What day can you start your family meeting?  

 

 

 

 

 

Organizing your car (maintenance)

Organizing your car means having handy access for the things you need, when you need them, without having an accident to get to them. What about maintaining your organized car? If your car is “trashed” regularly, here are some hints to help you easily keep it in order.

Empty trash at each stop along the way. As you get gas or run errands at Target, drop your trash in the cans just outside the door there.  Or you can place a large trash can in your garage for you to easily drop in items. Take advantage of these trash cans along the way. 

Up to date registration and safety stickers are easy to renew if you calendar the date on your planner.  It saves the cost of a ticket!  You can enter this as a recurring event on your Outlook calendar too.

Need to keep track of mileage for expenses? Keep a mileage log in your car and write it down during a gas stop. Regular intervals like this weekly stop create a baby step for an often overwhelming task.

Empty the extra stuff out of your car each day.  It is a small step to keep your car from being a dumping ground by distributing items back into your home where these belong each day.  Assign this task to your family team members too to get the job done. 

Is your car your office? Once a week refill the items you use regularly, like business cards or marketing pieces, into well defined spots in the car.  It is like preparing for a quick meeting by having handy these items.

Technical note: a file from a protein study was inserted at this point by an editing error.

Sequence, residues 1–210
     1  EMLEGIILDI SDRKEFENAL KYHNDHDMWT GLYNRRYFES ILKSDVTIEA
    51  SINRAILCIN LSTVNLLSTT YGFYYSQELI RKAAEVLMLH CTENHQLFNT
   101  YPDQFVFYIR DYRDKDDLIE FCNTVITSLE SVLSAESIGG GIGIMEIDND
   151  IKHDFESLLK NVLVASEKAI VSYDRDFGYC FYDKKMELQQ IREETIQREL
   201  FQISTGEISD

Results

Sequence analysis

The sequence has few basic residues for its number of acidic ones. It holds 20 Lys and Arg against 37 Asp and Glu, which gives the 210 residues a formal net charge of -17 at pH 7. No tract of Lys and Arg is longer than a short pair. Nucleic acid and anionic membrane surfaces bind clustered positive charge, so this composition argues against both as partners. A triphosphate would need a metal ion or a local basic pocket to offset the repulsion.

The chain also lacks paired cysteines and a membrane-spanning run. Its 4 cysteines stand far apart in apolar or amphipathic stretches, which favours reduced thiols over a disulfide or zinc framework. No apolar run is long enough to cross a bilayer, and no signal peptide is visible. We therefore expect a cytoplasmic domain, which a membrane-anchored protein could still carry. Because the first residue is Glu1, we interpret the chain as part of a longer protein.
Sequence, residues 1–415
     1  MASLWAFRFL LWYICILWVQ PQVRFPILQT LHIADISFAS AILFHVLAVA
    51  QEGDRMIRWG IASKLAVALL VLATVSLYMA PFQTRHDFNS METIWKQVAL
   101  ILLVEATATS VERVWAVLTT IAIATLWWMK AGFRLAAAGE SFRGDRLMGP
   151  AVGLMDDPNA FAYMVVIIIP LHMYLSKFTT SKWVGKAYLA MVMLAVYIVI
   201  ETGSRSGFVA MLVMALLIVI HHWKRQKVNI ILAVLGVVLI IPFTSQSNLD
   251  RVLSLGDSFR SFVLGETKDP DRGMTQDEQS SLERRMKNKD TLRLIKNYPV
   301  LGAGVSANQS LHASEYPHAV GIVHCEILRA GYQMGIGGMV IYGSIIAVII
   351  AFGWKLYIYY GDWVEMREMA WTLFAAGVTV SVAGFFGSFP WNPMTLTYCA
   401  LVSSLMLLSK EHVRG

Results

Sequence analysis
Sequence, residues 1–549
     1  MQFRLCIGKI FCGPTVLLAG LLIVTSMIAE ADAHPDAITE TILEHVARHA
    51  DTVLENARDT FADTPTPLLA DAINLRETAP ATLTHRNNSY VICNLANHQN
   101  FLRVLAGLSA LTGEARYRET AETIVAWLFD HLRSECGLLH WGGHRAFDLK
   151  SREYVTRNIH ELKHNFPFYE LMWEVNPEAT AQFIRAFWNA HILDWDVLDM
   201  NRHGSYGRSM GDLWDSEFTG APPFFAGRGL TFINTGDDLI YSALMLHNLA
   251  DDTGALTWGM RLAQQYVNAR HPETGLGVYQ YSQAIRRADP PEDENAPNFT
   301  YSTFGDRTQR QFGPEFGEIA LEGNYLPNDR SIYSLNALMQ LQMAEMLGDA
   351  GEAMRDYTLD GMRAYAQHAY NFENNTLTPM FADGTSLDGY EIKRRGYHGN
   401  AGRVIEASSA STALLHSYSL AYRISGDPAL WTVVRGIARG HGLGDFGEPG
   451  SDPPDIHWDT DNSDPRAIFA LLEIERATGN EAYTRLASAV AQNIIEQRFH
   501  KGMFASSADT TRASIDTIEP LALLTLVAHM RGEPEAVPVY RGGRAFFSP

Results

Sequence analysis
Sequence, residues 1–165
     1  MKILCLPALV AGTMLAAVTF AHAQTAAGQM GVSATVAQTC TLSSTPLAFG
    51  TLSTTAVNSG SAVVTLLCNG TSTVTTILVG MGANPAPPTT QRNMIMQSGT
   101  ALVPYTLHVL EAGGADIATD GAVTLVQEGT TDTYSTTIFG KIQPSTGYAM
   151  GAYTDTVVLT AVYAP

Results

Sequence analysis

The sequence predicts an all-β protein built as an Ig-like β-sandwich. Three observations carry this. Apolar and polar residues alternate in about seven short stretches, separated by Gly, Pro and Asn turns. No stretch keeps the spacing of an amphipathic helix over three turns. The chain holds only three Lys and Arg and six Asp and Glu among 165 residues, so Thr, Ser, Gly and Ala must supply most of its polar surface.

What baby steps are you taking to keep your car organized?

Hurricane Preparedness

Hurricane season begins on June 1 and extends until November 1.  Being ready has different meanings depending on whether you stay or leave your home.  Having been through 2 major hurricanes in 3 years,  Houstonians want to be prepared.  September is National Preparedness Month too!

Important papers

In a small portable safe, organize these documents: copy of passport, copy of drivers’ license, mortgage info, credit card info, banking, social security cards, will, birth certificate, marriage certificate, military records, 2 previous year’s tax returns, insurance info and divorce documents.

Many different websites recommend what to have on hand for remaining in your home.

FOOD
Non-perishable foods (soups, canned food and vegetables, breads and crackers, snacks)
Juice boxes and bottled water

HOME SUPPLIES
Ice chests, water, water jugs
Camping stove; propane; charcoal
Disposable plates, utensils, napkins
Storage bags
Toilet paper, paper towels
Diapers, wipes, formula, bottles, ointments
Prescriptions, copies of prescriptions and over the counter meds
Toothpaste, toothbrush, soap, shampoo, deodorant
Clothing, blankets, pillows, sleeping bags

First aid kit

Bug repellant

Eyeglasses, contact, hearing aids and batteries
Pet supplies, food, litter, pet carrier, medications
Identification
Cash, credit cards
List of phone number of family and friends